SOURCE: University of Calgary

University of Calgary

July 15, 2015 10:00 ET

University researchers to play important role in research on arctic oil spills

Churchill Marine Observatory designed to break new ground in under-researched area

CALGARY, AB--(Marketwired - July 15, 2015) - Three University of Calgary researchers are collaborating with the University of Manitoba to study the impacts and consequences of potential arctic oil spills on or under the ice.

It's an area that has received very little scientific attention, but could prove increasingly important as climate change opens up the arctic to more oil exploration and shipping. This research will take place through the Churchill Marine Observatory in Manitoba, which was recently awarded $32 million in federal funding through the Canada Foundation for Innovation (CFI).

A first-of-its-kind facility in the circumpolar Arctic, the Churchill Marine Observatory will be located along the west coast of Hudson Bay adjacent to Canada's only arctic deep-water port. Research teams working at the marine observatory, and in their resident labs, will develop ways of detecting oil in ice-covered waters, study its impact on the ecosystem, and develop technologies for cleaning up arctic waters in case of a spill.

"The University of Calgary brings valuable expertise in bioremediation, sea ice remote sensing and in understanding the nature of CO2 exchange under extreme arctic conditions," says Ed McCauley, vice-president (research). "The broad scientific perspectives, as well as those from industry that will come together at the Churchill Marine Observatory will guide the decisions about how best to manage our energy resources while protecting sensitive ecosystems."

The geography of the arctic presents several unique and, to date, largely under-researched challenges involving extraction, oil spill detection and remediation.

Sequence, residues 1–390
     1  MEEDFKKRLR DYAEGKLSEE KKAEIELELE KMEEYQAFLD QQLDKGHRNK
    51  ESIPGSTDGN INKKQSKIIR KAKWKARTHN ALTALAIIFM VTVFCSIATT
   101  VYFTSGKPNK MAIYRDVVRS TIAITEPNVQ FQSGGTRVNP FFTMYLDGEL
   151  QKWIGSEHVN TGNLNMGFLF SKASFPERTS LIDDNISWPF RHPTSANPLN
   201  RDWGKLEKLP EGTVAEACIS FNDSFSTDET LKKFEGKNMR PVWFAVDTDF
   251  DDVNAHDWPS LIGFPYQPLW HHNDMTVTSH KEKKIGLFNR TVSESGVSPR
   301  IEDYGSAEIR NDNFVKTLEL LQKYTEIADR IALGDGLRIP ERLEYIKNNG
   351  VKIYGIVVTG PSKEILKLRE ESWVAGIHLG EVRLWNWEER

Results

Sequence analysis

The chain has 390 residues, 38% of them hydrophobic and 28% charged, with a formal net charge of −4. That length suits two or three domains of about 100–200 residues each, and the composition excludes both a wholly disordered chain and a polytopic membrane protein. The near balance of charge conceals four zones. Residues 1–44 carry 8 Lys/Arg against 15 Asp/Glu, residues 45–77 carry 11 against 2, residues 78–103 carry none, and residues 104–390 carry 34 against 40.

In collaboration with lead researchers from the University of Manitoba, University of Calgary biology professor Casey Hubert, Geography Department Head John Yackel, and assistant geography professor Brent Else will dedicate their research efforts to safeguard arctic ecosystems.

Hubert, also a Campus Alberta Innovation Program Chair in Geomicrobiology, will lead the research team studying hydrocarbon biodegradation. His team will be looking for microbial communities capable of breaking down oil compounds by using the two sea ice tanks at the observatory to simulate real world conditions of an oil spill in a controlled arctic environment.

"Bioremediation in the cold arctic and in the presence of sea ice remains poorly understood," Hubert says. "By developing a better understanding of how arctic microbes will be mobilized in the event of a spill we can better model and map what will happen and what our response should be, should an accidental spill ever occur."

Yackel will lead the sea ice remote sensing research within the CMO's broader detection objective. "Churchill Marine Observatory will allow us to use satellite-microwave technologies to look at what snow-covered sea ice looks like without an oil spill on it, and see how signals change if there is a spill on the ice," he says.

Else will play an important role in researching the impact of oil spills on ecosystem function. "We don't know what role sea ice plays in carbon dioxide absorption," Else says. "The typical approach is that once you get an ice layer, it stops any CO2 exchange with the ocean, but there are a lot of questions in that area, and some of the challenges are similar to oil spill challenges."

NOTE: Casey Hubert and John Yackel are available for comment on Wednesday morning in person at 11 a.m. Please call to arrange to meet the researchers. Phone interviews can also be arranged by request.

About the University of Calgary
The University of Calgary is a leading Canadian university located in the nation's most enterprising city. The university has a clear strategic direction to become one of Canada's top five research universities by 2016, where research and innovative teaching go hand in hand, and where we fully engage the communities we both serve and lead. This strategy is called Eyes High, inspired by the university's Gaelic motto, which translates as 'I will lift up my eyes.'

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